"Give me the honor, Sir,
To reclaim my courage.
Don't let me die here at your feet.
Like some damned dog."
The victor lowered his sword
The bloodied figure rose to its feet,
One arm dangling uselessly.
Sweat and blood mingled and flowed
Into half-shut eyes.
The once overproud body slumped
With fatigue, injury, and hopelessness.
As he gazed up at his conquerer
Much like a beggar in the street.
As he spoke, his hoarse voice strengthened
And the body straightened.
Softly he said,
"I am your king."
"For that, you have taken arms against me
And soon will take my life.
Then you will be king,
Inheriting by battle,
That which was mine by birth.
You despise what I have done
In the name of the crown I wore,
And with the strength of my father's scepter,
Which passed into my hands
While I was still a boy.
There is no school for kings, boy,
Except in the life itself.
You feel yourself fit to rule these people
Because they follow you to battle.,
And also seek to bring me low.
But think, boy.
Do you lead or follow them?
For such as these,
Can any rule you fashion,
Be much better than my own
Own your crown and your
Energies are spent
No, boy, don't be a fool!
My laws were harsh,
But they held this land together.
Each man knew what he was and what
He had to do,
And there was only one king.
Each had more than enough for his needs,
Or could gain it with a little sweat,
And perhaps a little luck.
Yes, there were those who had more than others,
Some of them never turning their hands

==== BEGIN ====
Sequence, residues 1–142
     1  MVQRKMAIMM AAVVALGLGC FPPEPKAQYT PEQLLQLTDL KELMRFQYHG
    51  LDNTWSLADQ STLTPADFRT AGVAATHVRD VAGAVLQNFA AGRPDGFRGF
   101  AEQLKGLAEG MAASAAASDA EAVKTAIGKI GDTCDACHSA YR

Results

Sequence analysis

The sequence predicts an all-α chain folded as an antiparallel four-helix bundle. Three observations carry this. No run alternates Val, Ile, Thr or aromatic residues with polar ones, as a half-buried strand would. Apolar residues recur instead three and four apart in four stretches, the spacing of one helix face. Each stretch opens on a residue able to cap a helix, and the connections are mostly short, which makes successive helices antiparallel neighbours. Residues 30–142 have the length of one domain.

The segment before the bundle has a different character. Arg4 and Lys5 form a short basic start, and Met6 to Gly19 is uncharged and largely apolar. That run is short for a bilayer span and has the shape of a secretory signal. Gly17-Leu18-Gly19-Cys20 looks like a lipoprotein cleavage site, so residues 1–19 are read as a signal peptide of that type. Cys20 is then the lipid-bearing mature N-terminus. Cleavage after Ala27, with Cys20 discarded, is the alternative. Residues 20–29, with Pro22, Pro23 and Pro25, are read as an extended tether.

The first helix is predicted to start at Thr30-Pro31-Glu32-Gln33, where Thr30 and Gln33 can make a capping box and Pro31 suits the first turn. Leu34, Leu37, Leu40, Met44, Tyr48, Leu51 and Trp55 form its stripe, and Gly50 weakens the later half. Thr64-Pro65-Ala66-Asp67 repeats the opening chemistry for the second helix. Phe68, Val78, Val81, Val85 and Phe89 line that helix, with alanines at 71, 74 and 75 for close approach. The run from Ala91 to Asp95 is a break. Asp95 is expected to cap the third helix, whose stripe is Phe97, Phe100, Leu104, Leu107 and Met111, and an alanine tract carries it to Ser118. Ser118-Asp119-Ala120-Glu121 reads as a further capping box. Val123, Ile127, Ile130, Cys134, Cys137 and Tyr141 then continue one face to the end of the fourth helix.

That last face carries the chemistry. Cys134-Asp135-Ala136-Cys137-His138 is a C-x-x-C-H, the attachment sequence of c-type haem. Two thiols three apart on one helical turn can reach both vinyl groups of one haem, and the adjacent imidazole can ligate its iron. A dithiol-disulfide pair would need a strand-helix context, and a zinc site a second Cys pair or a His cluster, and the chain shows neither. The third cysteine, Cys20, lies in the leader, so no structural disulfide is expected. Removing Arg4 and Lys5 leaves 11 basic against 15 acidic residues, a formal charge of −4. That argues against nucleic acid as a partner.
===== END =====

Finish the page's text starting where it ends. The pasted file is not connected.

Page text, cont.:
To any honest act,
Other than the selection of wealthy parents.
What do these people of yours hope to have;
The same as every other no matter what their worth?
What will they leave to their children;
An opportunity to begin with nothing?
Unjust, you say.
Perhaps, but I don't know
How much tax is just,
And neither do you.
Just or unjust,
Where came the coins
That paid the sage
Who taught you how
To hate your king?
I applaud your good intentions, boy,
But you have no way of knowing now
The nightmares that come to kings.
Nor have you yet seen the faces of those
Dead or displaced
By the movement of your finger.
Whether he lives by it or not,
No man knows better than a king,
The difference between right and wrong.
Now, boy, I've fought my best fight today.
In a moment, you will have throne and crown
And all that comes with them.
Remember, boy, for all it's size and weight,
There's no seat less sturdy than a throne;
And somewhere there's a boy
Who someday will want that golden bauble,
That you wish so badly to wear.
Well, get on with it!
Claim your prize...
If you dare."
The young man stepped swiftly forward,
But halted with sword raised.
Slowly, he lowered his weapon
Until the point touched the earth.
Flush of battle gone from his face,
Sparkle of victory gone from his eyes.
He fell to his knees before his king,
Bowing his head, he never saw
The dagger which pierced his neck.
As the body fell, the king whispered,
"Such a man as you cannot live.
As a man I would have gladly
Taken you to my breast,
And called you my son.
But you must die,
And I know it,
Because I have learned well
How to be a king."